Appeals judges gave the green light for prosecutors to open an investigation targeting the Taliban, Afghan forces and U.S. military and CIA personnel for war crimes and crimes against humanity.

However, ICC prosecutors have shown a willingness to press ahead with investigations into U.S. service members and earlier this year launched one that drew swift U.S. condemnation.

Last year, after then-national security advisor John Bolton threatened ICC employees with sanctions if they went forward with prosecutions of U.S. or allied troops, including from Israel. Pompeo then revoked the visa of the court’s chief prosecutor, Fatou Bensouda. Bensouda had asked ICC judges to open an investigation into alleged war crimes in Afghanistan that could have involved Americans. The judges initially rejected the request, but the denial was overturned after Bensouda appealed the decision and the investigation was authorized in March.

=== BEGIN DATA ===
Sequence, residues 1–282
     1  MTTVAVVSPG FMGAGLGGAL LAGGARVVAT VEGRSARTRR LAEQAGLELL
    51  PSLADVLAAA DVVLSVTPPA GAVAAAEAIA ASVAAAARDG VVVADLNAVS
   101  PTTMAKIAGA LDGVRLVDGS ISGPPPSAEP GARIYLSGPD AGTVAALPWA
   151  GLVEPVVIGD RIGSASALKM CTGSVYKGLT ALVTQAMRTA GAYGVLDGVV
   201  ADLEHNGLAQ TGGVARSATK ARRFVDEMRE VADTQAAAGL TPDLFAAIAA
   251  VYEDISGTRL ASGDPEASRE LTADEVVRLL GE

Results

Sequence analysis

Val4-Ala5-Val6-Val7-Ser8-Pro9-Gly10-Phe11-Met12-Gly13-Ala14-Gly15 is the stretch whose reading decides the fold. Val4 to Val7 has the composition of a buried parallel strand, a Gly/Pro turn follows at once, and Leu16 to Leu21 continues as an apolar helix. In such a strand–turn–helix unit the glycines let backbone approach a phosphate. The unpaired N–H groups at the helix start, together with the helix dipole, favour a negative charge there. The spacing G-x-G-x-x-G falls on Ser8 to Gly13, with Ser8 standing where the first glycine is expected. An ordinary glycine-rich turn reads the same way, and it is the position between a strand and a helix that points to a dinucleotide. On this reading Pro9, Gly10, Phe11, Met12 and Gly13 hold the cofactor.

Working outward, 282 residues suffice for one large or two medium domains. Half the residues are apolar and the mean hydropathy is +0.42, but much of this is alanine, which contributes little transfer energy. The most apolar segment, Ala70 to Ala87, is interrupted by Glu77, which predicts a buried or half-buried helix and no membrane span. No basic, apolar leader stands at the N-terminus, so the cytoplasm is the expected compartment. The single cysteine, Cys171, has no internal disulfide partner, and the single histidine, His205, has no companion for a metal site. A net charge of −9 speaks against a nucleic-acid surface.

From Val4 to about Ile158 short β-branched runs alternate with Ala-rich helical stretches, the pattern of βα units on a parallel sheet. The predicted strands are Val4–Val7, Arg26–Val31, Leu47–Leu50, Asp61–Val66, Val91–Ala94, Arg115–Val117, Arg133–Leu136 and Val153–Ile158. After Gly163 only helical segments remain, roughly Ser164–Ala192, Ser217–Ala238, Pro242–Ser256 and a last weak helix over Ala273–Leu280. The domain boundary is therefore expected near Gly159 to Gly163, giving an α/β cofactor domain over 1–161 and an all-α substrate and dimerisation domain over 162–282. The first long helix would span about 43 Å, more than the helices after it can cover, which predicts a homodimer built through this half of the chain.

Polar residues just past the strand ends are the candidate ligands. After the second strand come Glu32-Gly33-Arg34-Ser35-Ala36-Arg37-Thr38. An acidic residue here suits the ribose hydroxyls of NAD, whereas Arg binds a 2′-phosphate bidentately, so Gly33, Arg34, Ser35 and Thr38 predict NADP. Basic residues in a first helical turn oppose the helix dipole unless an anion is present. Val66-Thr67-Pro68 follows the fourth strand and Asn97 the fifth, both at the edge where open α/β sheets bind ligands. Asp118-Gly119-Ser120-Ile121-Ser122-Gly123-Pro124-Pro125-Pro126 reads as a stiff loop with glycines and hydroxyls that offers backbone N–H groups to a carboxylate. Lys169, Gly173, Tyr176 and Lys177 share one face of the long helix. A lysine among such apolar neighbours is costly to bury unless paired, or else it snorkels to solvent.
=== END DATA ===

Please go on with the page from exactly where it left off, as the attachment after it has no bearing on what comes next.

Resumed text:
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The appellate ruling marked the first time the court’s prosecutor has been cleared to investigate U.S. forces, and it set the global tribunal on a collision course with the Trump administration. Bensouda pledged to carry out an independent and impartial investigation and called for full support and cooperation from all parties. Pompeo called the decision “a truly breathtaking action by an unaccountable political institution masquerading as a legal body.”

The case involves allegations of war crimes committed by Afghan national security forces, Taliban and Haqqani network militants, as well as U.S. forces and intelligence officials in Afghanistan since May 2003. Bensouda say there’s information that members of the U.S. military and intelligence agencies “committed acts of torture, cruel treatment, outrages upon personal dignity, rape and sexual violence.”